Supporting Information

Figure S1.

IMC1121b inhibits VEGFR-2 phosphorylation induced by VEGF-A in LECs. Western blotting analysis of total and phosphorylated VEGFR-2 (∼190 kDa) in LECs following 15 minute treatment with VEGF-A (25 ng/ml) and 1 hour treatment withIMC-1121b and hF4-3C5. Total and phospho-VEGFR-2 antibodies were used at 1 µg/ml. Control serum-free vehicle (IgG) treated LEC lysate is indicated by ‘0’.


Figure S2.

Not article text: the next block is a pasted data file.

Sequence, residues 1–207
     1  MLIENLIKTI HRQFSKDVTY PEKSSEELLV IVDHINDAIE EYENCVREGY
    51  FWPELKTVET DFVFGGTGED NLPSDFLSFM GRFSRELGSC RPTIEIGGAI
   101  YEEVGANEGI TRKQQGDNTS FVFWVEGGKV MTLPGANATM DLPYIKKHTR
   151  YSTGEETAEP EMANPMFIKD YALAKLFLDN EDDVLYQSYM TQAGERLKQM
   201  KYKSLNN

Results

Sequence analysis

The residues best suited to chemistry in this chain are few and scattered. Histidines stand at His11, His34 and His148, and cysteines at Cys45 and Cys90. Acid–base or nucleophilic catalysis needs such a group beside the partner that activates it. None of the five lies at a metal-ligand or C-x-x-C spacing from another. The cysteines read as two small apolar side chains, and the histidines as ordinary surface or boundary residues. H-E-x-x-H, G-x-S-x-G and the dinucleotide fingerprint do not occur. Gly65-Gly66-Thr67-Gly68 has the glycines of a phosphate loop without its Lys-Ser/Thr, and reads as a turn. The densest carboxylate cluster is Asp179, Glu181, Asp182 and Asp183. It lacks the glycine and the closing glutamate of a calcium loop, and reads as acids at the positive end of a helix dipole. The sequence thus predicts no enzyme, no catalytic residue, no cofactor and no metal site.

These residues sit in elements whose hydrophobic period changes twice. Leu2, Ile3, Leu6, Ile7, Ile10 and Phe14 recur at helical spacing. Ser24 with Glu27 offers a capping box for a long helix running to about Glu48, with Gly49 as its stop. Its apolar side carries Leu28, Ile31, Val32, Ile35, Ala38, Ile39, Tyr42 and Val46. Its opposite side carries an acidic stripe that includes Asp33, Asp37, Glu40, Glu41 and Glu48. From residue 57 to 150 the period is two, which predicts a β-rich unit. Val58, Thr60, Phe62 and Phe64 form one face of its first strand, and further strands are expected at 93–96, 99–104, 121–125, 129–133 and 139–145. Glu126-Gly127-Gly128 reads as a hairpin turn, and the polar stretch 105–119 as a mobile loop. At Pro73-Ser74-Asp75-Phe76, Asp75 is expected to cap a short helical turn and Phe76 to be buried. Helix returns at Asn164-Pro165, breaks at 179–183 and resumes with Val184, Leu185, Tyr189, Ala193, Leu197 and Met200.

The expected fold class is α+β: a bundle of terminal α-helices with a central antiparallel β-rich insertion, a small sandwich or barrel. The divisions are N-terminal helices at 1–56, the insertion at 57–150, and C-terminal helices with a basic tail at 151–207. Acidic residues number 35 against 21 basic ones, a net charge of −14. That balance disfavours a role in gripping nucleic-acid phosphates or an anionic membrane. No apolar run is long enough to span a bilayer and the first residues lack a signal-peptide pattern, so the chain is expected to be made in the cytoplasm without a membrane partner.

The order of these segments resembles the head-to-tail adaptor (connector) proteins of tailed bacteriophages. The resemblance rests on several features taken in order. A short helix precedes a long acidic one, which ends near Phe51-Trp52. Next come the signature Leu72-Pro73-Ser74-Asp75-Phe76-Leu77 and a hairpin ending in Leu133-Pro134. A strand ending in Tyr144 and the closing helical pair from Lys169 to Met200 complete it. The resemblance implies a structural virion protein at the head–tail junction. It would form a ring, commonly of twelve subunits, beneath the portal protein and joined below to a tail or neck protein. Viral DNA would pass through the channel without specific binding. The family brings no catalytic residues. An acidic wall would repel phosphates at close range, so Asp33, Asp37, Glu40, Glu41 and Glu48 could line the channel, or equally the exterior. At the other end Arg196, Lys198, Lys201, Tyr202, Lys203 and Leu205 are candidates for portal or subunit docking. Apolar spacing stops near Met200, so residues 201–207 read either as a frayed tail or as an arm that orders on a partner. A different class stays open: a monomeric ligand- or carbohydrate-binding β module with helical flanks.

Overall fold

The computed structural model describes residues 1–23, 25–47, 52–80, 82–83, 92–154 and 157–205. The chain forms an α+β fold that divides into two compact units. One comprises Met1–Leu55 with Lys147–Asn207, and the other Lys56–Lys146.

VEGF ligands do not induce phosphorylation of mTOR, whereas VEGF-C induces PI3K and PKC-dependent Erk1/2 phosphorylation via VEGFR-3 in LECs. A) VEGF ligands: VEGF-A (100 ng/ml), VEGF-C (100 ng/ml), VEGF-C156S (250 ng/ml), VEGF-D (250 ng/ml) and VEGF-E (100 ng/ml) had no stimulatory effect on pS2448 mTOR protein expression. HEK293 cell lysate was used as positive control, indicated as ‘293’. B, Western blotting analysis of phosphorylated Erk1/2 in LECs following ligand stimulation: HGF (400 ng/ml, VEGF-A (100 ng/ml), VEGF-C (100 ng/ml), VEGF-C156S (250 ng/ml), VEGF-D (250 ng/ml) and VEGF-E (100 ng/ml); Time course for Erk1/2 phosphorylation in LECs after VEGF-C (100 ng/ml) and VEGF-A (100 ng/ml) treatment. C, Concentration-dependent phosphorylation of Erk1/2 in LECs after stimulation with VEGF-C for 15 minutes. D, Effect of inhibition of PI3K (AS252424), Raf/MEK (PD98059), or PKC (GF109203X) on Erk1/2 phosphorylation in LECs in response to VEGF-C. E, Phosphorylation of Erk1/2 in LECs following stimulation with VEGF-A or VEGF-E for 15 minutes at indicated concentrations. F, Phosphorylation of Erk1/2 in LECs following stimulation with VEGF-A or VEGF-E at indicated times. G, Effects of inhibition of VEGFR-3 (hF4-3C5), VEGFR-2 (IMC-1121b) or VEGFR-1 (IMC-18F1) on LEC Erk1/2 phosphorylation in response to VEGF-C. Serum-free vehicle (IgG) treated LEC lysate is indicated by ‘0’ in all blots.